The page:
Over the course of the last couple weeks, I've grown increasingly interested in writing about the intersection of law and sports. Several things have contributed to this.
First, Ryan Lochte. For those that have been out of the loop for the past few days, the four-time U.S. Olympian swimmer allegedly fabricated an armed robbery story while in Rio. He twice went on national TV and made himself out to be the victim. Well, as more information surfaces, it appears as though not only was Lochte not a victim, but he may have inflicted the damage himself... by peeing behind a gas station. You really can't make this stuff up.
Second, More Perfect. Stemming from the popular podcast Radiolab, More Perfect is a spin-off audio series on the Supreme Court. Week after week, I've thoroughly enjoyed taking a look inside arguably the most influential group in the United States. It's not baseball or sports related, but give it a listen if you haven't already.
Finally, earlier this summer Tom Brady broke his silence and decided not to pursue any further legal action related to Deflategate. I won't spill any more ink on this story.
With sports law on my mind, I set out to find the most interesting legal cases in baseball history. This is my no means an exhaustive list, but here are three that I found compelling.
Supreme Court upholds MLB antitrust exemption
In 1903, the National League and American League joined forces to form Major League Baseball. Roughly a decade later, a start up group named the Federal League sought to establish itself as another professional baseball entity. After losing out on player after player to the superior MLB, the owners of the Federal League sued MLB for monopolizing the market on baseball players, claiming a violation of the Sherman Antitrust Act. Although most Federal League owners agreed to a settlement in 1915, owners of the Baltimore Terrapins rejected the settlement and took the matter to the U.S. Supreme Court. In what has since proven to be a questionable decision, our nation's highest court ruled in 1922 that baseball was not the type of commerce that federal law was intended to regulate. Justice Oliver Wendell Holmes reasoned that "personal effort, not related to production, is not a subject of commerce," thus giving baseball an antitrust exemption. MLB was allowed to continue its monopoly and is the only professional sport to enjoy this exemption.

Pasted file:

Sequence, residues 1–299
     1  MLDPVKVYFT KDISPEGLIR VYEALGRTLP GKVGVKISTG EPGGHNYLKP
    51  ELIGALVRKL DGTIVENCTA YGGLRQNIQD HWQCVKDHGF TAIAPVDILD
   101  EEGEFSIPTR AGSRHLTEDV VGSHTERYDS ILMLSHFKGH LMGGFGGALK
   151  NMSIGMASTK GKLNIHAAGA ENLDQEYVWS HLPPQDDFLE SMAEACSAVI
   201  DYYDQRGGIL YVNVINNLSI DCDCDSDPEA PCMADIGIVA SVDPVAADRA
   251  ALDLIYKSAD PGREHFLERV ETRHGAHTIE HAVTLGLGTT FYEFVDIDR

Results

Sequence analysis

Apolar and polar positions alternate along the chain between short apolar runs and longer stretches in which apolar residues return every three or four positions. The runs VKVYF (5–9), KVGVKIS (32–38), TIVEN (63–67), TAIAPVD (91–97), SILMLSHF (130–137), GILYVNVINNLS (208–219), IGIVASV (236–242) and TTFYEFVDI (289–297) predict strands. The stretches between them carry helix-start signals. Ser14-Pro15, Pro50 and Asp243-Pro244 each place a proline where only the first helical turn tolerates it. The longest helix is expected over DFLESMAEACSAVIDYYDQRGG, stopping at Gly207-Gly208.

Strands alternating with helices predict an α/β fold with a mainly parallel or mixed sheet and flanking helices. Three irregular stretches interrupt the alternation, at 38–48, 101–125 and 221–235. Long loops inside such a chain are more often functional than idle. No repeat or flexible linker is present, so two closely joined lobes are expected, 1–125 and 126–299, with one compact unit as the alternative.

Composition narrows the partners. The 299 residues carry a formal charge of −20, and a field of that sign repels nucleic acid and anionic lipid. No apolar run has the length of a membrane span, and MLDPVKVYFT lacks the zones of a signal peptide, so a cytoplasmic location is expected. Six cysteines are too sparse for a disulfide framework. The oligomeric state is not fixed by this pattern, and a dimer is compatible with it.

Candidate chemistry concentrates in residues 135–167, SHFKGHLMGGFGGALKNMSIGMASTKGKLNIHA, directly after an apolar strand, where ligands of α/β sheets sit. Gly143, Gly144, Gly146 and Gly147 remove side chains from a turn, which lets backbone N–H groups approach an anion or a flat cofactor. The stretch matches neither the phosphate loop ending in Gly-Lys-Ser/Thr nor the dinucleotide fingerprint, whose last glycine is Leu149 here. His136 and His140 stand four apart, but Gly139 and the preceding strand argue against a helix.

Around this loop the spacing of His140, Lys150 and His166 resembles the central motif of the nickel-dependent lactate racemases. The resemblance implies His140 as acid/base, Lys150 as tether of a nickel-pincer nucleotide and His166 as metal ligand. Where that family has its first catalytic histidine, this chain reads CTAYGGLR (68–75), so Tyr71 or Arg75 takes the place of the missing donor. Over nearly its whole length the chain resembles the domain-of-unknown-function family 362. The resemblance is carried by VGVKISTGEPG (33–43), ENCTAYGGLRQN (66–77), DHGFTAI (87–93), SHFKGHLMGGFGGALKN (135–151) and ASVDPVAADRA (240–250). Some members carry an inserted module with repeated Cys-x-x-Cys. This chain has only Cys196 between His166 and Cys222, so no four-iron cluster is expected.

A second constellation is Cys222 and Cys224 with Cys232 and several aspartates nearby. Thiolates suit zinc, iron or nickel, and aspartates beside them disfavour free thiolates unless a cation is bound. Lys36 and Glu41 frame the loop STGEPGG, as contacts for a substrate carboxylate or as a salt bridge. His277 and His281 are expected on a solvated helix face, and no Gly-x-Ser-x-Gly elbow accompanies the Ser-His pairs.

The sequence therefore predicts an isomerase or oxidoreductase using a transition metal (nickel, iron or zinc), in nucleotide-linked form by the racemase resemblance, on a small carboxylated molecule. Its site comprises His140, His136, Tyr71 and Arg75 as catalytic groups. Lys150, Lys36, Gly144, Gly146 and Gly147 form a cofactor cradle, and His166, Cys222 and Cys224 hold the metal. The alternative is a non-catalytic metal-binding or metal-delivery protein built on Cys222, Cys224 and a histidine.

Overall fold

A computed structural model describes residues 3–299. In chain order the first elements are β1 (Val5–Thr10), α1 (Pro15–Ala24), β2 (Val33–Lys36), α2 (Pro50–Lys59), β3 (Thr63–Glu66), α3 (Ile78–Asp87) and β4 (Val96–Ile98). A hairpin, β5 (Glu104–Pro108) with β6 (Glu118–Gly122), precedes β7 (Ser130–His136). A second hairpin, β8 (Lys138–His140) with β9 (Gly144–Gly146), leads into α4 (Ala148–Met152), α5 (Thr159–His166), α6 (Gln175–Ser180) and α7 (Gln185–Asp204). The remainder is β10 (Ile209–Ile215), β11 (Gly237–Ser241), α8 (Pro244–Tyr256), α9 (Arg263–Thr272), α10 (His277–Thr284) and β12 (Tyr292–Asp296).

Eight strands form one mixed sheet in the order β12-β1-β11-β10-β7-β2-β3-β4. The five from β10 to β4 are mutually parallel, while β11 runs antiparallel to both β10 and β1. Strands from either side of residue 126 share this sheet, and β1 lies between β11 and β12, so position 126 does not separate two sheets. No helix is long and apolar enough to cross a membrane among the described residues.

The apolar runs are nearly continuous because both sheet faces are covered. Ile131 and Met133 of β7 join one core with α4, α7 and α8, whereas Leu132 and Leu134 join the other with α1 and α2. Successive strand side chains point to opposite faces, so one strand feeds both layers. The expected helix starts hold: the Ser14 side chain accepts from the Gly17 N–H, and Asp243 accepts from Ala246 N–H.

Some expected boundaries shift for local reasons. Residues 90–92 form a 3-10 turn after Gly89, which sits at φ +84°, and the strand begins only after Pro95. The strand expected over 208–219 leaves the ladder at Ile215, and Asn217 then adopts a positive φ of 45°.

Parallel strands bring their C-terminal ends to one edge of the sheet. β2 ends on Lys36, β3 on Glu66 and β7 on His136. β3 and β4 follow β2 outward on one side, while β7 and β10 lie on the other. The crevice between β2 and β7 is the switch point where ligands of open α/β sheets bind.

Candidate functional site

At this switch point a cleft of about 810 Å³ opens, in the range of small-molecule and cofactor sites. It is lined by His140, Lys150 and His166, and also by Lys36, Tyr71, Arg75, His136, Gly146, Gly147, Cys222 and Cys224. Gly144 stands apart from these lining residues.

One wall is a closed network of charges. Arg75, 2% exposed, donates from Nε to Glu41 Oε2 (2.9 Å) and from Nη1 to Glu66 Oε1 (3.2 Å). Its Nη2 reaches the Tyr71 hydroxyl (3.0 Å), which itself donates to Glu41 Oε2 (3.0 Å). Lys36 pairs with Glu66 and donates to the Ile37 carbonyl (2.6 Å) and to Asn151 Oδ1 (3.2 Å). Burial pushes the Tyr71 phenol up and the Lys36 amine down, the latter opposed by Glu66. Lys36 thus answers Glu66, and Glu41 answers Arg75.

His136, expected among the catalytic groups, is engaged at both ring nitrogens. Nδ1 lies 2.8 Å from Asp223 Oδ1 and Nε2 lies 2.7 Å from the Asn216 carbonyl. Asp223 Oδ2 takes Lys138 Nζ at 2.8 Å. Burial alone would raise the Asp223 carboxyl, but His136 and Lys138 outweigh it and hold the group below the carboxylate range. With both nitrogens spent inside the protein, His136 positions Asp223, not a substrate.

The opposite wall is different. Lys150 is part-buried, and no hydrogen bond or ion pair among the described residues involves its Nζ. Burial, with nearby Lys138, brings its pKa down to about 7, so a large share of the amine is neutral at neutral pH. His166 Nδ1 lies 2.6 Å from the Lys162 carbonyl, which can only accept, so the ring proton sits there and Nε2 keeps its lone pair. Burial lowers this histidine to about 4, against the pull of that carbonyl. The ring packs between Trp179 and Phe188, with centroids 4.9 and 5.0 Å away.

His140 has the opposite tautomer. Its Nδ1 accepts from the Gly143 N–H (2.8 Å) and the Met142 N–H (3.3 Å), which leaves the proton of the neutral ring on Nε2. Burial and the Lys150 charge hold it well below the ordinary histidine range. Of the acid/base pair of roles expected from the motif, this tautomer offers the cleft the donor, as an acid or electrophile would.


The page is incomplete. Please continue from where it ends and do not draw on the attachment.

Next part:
Further reading: Slate: Why does baseball have an antitrust exemption?
Flood v. Kuhn
In the late 1960s, the St. Louis Cardinals traded outfielder Curt Flood to the Philadelphia Phillies. Flood was 31 at the time of the trade and was a good player (seven gold gloves, three all star appearances, a career slash line of .293/.342/.389). He bristled at the trade and the idea that he had no say in where he would finish his career, so much so that he sued the MLB commissioner and owners for antitrust violations. His case, more or less, was that a worker of his stature in other industries would be granted some level of autonomy in choosing where and for whom he worked. The Supreme Court heard the case and denied Flood's attempt to become a free agent by a 5-3 vote, upholding the antitrust exemption that was established in 1922 (the majority opinion written by Harry Blackmun includes references to Casey at the Bat and begins with a lengthy history of baseball). However, as a result of the conversation Flood started in 1969, salary arbitration was instituted in 1973 and free agency in 1975.
Supreme Court & Fantasy Baseball
In the 2000s, the popularity of fantasy baseball soared with an estimated annual revenue of $1.5 billion. At the same time, MLB created its own internet arm called Major League Baseball Advanced Media. In 2005, these two came to a head when a St. Louis-based fantasy baseball company (CBC Distribution and Marketing) sued MLB for refusing to give it access to player and team data. According to the New York Times, CBC "argued that the identity and performance of major league ballplayers was in the public domain and could not be cordoned off without violating the First Amendment" while Major League Baseball "argued that in balancing the right of publicity against the First Amendment, the appeals court had given too much weight to the First Amendment." In June of 2008, the Supreme Court denied MLB's appeal of a lower court's ruling that allowed fantasy baseball companies to access player data without a license from MLB.
Further reading: NYT: No Ruling Means No Change for Fantasy Baseball Leagues